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Questions asked over Heritage Week tours of Church of Scientology's Dublin office

Critics have questioned the decision to include the Scientology office on the Heritage Week programme

The Georgian exterior of the Church of Scientology National Affairs Office.
The Georgian exterior of the Church of Scientology National Affairs Office.
Image: Google StreetView

QUESTIONS HAVE BEEN asked about the inclusion of a Church of Scientology’s building  in the programme for Heritage Week in August. 

The Church of Scientology’s National Affairs office, which is on Merrion Square in Dublin, will open to the public on 17, 18 and 21 August as part of a week-long programme of events across the country during Heritage Week. 

However, doubts have been raised about the decision to include the Georgian building in Heritage Week.

The Church of Scientology, which was founded by L Ron Hubbard, has been trying to establish a position for itself in Irish society in recent years. The Dublin office opened in 2016, while the following year the Church of Scientology opened a community centre in Firhouse, south Dublin.

One ex-Scientologist has questioned why the Heritage Council is allowing this to go ahead. 

“I don’t think this is a good move,” Pete Griffiths told TheJournal.ie

“There’s nothing wrong with the people themselves. They’re not lying to you because they believe what they’re doing is going to help the world,” Griffiths said. However, he added that he was concerned a “softly-softly” approach might be taken to attract new members. 

A spokesperson for Scientology said that the organisation was “very proud to show the restored building and all it represents”.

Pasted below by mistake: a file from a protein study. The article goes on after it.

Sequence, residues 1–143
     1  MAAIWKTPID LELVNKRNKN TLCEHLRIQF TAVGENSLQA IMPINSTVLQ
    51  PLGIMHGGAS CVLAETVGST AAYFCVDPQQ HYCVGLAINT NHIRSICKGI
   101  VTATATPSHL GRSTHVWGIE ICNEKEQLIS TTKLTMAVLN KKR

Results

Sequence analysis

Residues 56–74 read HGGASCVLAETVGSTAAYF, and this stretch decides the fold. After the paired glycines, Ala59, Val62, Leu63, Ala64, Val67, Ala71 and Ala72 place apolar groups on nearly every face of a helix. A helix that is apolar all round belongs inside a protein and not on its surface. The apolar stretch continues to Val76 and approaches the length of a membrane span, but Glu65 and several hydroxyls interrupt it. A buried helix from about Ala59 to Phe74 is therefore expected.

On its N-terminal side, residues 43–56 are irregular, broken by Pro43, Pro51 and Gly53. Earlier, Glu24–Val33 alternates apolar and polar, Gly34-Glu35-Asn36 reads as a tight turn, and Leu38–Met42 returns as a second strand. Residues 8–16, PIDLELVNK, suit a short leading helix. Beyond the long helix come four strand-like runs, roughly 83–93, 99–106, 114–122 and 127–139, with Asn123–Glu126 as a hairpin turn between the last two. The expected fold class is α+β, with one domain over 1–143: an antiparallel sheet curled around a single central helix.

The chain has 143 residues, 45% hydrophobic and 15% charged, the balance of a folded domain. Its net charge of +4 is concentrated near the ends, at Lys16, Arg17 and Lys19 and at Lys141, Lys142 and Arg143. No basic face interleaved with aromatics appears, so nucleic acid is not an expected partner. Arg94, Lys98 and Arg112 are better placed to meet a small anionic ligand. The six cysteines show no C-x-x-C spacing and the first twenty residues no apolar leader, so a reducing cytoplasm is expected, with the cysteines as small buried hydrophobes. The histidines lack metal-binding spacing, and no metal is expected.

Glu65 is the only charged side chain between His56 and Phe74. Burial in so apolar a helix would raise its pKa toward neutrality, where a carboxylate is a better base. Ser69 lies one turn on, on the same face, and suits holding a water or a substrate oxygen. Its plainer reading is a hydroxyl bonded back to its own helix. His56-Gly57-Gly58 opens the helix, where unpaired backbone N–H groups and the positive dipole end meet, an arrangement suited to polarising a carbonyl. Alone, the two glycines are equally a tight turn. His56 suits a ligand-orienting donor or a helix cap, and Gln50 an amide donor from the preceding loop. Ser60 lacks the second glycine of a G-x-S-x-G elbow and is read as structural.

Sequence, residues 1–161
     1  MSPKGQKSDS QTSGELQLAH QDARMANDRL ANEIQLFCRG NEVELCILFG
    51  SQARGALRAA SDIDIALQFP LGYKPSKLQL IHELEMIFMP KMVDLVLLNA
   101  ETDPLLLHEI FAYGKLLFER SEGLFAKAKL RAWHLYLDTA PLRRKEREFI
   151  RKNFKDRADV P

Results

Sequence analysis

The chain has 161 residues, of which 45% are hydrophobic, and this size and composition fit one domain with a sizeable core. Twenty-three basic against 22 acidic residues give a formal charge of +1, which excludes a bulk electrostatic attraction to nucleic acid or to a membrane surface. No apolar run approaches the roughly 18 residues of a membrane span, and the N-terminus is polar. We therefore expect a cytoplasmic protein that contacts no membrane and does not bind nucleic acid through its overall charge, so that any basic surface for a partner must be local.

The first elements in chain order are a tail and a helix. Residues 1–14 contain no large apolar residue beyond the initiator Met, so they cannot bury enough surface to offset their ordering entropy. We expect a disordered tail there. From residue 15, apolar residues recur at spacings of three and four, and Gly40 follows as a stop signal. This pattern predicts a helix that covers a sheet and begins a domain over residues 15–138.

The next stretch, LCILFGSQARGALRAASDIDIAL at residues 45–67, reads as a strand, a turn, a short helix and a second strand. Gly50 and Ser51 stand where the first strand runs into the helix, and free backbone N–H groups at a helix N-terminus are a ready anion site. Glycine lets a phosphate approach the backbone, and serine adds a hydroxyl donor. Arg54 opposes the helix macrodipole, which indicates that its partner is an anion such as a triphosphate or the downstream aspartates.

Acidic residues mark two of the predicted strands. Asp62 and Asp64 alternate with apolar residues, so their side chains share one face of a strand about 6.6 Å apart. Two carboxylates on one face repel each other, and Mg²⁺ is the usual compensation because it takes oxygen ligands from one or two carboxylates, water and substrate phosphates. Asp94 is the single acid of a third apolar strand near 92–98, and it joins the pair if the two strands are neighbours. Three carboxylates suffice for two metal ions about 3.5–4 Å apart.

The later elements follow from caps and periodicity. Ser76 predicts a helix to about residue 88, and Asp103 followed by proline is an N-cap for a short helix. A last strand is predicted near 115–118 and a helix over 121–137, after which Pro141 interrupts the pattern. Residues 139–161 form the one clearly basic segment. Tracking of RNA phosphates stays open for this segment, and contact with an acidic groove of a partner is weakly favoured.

The Georgian building was built in the 1760s and  is on Dublin City Council’s list of protected structures. It was restored by the Church of Scientology in 2016. 

On the Heritage Council website, it states that guided tours will last ten to fifteen minutes and that refreshments will be available. 

Independent Dublin City Councillor Mannix Flynn said that while there seemed to be “nothing untoward” about the event, he acknowledged that people would have concerns about the decision to include the property in the event programme. 

Flynn said he hoped that the Heritage Council would reassure the public that the evenings will not be used to introduce people “by stealth” to Scientology. 

Flynn said he would be concerned by any religion that used Heritage Week to try and promote itself. 

Dublin City Councillor Kevin Donoghue of the Labour Party also said he was “concerned” by the inclusion of the organisation in the programme.

A spokesperson for the Church of Scientology said that Merrion Square has “a special meaning” for Scientologists across the world as L Ron Hubbard live and worked there in 1956. 

“We participated in last year’s National Heritage Week where scores of visitors were toured through the building and had a great time,” said the spokesperson. “We are looking forward to this year’s National Heritage Week to tour many more people and to develop even more friendships.”

When contacted by TheJournal.ie, a spokesperson for the Heritage Council forwarded a response to a member of the public who had expressed concerns about the inclusion of the Church of Scientology Office. 

In the email, a spokesperson for the Heritage Council said that Heritage Week exists to “promote awareness of our built, natural and cultural heritage”.

“On the basis that it is an historic building, being made available to the public during National Heritage Week, it meets the aims of the week and as such the Heritage Council made the decision to include this event as part of its National Heritage Week listings,” the spokesperson added. 

The National Affairs Office of the Scientologists looks after the “various humanitarian programmes which the Church supports and coordinates,” the spokesperson for the Church of Scientology said. It is currently housing a project which is working to translate the works of L Ron Hubbard into Irish. 

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